The emergent effects of systems offer a fecund analytic for understanding trust because of its potential to illuminate the complex relations between trust and abstract systems. Emergence describes ways in which the whole exceeds the sum of its parts. Thus, for example, the dynamics of climate cannot be reduced to (though they depend upon) the interactions of molecules. Emergence has both an epistemological aspect (the behavior of the system cannot be predicted from the behaviors of the parts) and an ontological one (the interactions of the parts cause outcomes that the serial addition of the parts could not). Recognizing that systems may create effects unlike any of their components or inputs raises the possibility that people's trust in abstract systems is an emergent property of those systems, not a precondition of them. If emergence points to the ways in which systems create (rather than require) impersonal trust, it also suggests that complex impersonal systems can transform the conditions and configurations of personal trust as well. The work of Giddens shows that the abstract systems of modernity have altered and intensified the most intimate relations. One thing to look out for, then, is how abstract systems in ancient Greece may have impelled a repersonalization of social relationships.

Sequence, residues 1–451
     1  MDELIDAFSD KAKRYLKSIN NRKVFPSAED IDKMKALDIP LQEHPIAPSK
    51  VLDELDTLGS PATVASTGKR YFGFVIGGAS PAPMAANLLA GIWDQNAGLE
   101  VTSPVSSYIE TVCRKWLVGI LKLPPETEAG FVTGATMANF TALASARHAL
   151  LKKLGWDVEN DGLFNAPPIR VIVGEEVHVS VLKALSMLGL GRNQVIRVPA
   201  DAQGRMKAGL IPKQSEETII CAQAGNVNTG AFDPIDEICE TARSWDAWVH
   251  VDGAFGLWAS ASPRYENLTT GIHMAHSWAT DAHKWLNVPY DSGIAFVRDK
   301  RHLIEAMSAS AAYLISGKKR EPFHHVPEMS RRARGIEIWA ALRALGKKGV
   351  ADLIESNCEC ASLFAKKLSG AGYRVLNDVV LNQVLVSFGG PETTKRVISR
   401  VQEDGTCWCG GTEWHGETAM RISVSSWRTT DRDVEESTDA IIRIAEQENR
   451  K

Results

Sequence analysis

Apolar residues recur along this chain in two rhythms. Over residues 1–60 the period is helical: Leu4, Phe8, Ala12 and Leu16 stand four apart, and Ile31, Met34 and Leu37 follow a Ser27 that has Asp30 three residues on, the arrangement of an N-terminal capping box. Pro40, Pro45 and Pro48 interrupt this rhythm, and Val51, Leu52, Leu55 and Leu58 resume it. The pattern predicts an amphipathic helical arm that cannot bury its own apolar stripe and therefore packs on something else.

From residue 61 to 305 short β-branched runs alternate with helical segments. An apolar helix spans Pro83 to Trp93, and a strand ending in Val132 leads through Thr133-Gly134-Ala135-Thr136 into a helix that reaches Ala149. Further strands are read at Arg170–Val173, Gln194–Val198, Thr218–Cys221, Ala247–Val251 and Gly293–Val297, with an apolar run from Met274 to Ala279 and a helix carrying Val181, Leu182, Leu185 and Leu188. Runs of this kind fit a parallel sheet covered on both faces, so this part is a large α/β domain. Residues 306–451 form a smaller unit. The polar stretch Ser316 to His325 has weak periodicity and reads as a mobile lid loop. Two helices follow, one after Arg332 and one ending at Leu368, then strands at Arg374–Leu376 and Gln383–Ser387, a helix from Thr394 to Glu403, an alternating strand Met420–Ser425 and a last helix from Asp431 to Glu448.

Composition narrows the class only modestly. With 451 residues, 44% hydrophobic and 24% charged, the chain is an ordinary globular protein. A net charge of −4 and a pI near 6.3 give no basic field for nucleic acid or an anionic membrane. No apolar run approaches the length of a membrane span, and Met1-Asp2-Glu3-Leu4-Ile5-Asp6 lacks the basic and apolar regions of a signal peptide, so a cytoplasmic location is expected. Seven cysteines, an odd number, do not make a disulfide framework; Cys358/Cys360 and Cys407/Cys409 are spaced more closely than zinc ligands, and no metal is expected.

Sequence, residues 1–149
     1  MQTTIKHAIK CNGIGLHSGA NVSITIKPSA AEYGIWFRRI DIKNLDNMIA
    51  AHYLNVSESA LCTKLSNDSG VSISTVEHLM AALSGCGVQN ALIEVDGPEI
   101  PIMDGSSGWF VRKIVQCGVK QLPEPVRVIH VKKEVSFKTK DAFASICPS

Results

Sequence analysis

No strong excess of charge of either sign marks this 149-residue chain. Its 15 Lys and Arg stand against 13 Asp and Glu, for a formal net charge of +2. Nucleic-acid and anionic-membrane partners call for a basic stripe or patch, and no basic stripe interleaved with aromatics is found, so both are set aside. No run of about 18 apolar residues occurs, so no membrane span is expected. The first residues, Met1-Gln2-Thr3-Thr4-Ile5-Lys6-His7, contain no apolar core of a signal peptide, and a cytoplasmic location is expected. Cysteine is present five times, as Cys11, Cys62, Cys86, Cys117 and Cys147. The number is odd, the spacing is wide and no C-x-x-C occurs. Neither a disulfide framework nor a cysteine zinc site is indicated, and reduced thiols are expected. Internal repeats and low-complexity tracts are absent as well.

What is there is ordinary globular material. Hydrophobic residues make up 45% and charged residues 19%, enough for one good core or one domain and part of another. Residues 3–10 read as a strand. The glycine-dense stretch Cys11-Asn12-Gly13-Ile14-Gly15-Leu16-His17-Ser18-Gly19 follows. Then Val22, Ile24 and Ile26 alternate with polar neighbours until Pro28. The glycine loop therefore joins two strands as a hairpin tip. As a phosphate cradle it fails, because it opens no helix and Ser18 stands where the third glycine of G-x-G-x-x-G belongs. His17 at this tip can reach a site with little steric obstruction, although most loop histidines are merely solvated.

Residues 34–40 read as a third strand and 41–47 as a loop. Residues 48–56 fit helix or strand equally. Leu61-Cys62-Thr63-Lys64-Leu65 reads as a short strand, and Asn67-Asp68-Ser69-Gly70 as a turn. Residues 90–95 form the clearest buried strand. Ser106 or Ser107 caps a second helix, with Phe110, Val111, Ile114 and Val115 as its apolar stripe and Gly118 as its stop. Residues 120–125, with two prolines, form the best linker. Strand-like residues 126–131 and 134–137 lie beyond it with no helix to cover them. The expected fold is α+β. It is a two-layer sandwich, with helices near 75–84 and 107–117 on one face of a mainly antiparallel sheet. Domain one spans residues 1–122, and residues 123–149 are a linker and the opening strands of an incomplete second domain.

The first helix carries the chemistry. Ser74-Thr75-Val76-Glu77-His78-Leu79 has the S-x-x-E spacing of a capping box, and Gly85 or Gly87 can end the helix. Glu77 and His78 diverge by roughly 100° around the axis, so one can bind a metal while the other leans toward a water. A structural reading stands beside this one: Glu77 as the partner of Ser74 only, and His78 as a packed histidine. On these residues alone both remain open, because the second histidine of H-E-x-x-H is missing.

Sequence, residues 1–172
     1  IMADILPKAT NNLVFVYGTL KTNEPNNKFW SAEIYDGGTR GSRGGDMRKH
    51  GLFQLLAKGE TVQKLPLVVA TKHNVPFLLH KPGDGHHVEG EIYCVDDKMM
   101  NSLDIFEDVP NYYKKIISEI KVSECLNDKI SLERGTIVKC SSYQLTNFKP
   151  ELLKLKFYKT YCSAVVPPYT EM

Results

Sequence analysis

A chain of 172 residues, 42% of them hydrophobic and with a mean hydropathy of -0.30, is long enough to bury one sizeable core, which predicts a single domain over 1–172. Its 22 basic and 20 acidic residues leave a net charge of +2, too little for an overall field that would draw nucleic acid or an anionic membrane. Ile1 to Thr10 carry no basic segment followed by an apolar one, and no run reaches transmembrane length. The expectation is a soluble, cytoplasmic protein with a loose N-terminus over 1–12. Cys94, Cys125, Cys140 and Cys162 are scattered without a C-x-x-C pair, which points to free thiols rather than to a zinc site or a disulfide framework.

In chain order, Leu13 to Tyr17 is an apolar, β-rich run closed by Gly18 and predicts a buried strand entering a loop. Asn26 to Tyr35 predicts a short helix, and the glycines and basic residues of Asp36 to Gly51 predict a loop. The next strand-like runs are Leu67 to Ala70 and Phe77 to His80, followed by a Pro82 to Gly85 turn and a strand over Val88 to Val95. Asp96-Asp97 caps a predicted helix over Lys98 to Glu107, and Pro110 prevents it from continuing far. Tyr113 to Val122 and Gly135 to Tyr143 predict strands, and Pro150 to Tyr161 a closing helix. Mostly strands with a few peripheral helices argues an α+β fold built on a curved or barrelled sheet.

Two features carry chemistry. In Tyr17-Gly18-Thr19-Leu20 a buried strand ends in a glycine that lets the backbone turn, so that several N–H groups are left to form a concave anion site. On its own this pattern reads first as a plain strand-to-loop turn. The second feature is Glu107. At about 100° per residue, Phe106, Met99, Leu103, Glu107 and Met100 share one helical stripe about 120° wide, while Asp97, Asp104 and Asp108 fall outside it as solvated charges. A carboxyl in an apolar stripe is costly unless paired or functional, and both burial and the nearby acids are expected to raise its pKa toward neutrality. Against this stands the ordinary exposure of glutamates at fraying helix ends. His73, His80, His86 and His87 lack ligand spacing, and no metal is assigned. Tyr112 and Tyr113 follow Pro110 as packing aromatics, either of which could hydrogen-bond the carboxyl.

Practice. In analyzing these systems, I have found particularly helpful Pierre Bourdieu's elaboration of the idea of practice. Bourdieu articulated the notion of practice out of dissatisfaction with structuralist accounts of society, which tend to be static, monolithic, and mechanistic. Practice, in contrast, which names an ordinary person's unselfconscious ability to do what he or she does, attempts to allow for the uncertainty, contingency, and trickiness of ordinary life. It attempts to restore agency to people by shifting from a notion of rules that govern action to an idea of strategies that people can take up at times and in ways of their own devising. This focus on practice attempts to account for both structure (there are only so many practices, each with its own logic) and individual agency.